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Government and Politics

Study shows new health-care law could spawn entrepreneurship
Ohio is ranked forth in expected growth for self-employment


A new study suggests that changes in health-care coverage may inspire thousands of Ohioans leaving their company jobs in favor of self-employment.

The finding is based on the Urban Institute’s comparison of entrepreneurship rates in states that had adopted health-care reforms similar to the Affordable Care Act with states that have yet to make significant health care changes.

The Urban Institute’s Linda Blumberg estimates as many as 67,000 Ohioans could become self-employed after the law goes into effect next year, which would fix what she calls “the weakest individual insurance market in the nation.”


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“There’s a real variation in terms of how people are treated and what kind of benefits they can purchase. And the changes under the health-care reform law  are the most substantial in correcting the problem in the non-group market," Blumberg says. "That’s why it also leads to people being able to make decisions about employment without worrying about whether they’re going to get health-insurance coverage in the future.”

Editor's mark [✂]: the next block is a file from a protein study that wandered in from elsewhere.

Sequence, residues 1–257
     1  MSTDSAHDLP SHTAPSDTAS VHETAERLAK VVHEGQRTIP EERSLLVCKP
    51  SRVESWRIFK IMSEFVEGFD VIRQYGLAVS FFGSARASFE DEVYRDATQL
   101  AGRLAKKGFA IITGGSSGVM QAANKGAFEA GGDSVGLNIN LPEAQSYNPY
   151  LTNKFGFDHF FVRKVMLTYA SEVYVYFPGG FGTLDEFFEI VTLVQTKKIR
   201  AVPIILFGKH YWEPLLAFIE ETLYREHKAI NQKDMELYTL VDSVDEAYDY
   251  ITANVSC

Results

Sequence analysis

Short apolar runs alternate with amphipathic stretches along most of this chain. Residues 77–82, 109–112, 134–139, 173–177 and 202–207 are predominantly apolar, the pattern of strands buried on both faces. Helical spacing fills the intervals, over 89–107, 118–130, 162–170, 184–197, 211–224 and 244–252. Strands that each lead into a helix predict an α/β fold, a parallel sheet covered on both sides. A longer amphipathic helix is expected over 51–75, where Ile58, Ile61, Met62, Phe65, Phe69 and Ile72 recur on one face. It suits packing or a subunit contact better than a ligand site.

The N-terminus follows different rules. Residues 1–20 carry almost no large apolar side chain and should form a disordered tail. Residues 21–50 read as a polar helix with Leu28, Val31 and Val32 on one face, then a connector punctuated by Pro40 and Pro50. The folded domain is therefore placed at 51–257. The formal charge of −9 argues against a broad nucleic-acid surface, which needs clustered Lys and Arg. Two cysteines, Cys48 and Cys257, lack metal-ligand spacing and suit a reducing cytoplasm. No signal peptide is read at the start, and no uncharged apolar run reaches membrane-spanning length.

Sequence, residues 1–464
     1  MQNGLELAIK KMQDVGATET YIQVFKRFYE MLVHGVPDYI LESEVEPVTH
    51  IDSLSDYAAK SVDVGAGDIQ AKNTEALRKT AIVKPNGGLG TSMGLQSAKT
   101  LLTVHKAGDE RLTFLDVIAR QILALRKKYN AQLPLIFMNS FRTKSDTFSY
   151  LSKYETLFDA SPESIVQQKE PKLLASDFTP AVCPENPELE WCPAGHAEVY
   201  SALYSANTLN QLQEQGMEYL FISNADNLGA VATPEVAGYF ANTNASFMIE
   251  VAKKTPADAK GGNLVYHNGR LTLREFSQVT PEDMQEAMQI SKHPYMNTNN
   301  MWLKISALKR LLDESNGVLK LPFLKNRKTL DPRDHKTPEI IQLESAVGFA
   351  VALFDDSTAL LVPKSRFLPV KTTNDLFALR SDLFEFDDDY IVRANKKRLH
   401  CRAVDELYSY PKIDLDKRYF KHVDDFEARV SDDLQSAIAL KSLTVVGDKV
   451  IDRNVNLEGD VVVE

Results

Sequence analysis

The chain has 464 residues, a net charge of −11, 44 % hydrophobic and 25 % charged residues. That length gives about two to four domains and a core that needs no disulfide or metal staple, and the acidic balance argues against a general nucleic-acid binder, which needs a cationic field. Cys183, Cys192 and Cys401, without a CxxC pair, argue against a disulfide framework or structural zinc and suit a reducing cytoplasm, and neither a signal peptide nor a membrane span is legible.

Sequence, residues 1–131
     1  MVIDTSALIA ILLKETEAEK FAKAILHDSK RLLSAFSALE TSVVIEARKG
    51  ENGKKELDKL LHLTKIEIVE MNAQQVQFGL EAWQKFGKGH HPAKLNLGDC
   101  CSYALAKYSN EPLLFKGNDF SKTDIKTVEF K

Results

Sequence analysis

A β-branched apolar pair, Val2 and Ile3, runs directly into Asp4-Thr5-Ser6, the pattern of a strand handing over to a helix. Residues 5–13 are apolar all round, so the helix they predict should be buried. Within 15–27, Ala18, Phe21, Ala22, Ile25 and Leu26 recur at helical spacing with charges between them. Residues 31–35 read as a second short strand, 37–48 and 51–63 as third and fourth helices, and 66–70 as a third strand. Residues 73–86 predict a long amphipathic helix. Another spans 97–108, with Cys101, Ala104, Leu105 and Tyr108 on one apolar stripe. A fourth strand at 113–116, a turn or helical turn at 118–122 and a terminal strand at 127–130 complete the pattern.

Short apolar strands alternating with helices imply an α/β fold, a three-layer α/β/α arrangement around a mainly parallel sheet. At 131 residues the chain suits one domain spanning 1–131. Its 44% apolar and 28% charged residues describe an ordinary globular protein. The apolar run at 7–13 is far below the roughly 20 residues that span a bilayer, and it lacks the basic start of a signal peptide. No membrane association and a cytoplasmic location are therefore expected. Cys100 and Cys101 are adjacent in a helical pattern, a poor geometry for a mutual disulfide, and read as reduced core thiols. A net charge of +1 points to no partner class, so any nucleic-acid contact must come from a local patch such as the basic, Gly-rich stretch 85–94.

The study comes just as findings were released by the Ohio Department of Insurance saying individual health-care costs could skyrocket by as much as 88 percent under the new healthcare law.

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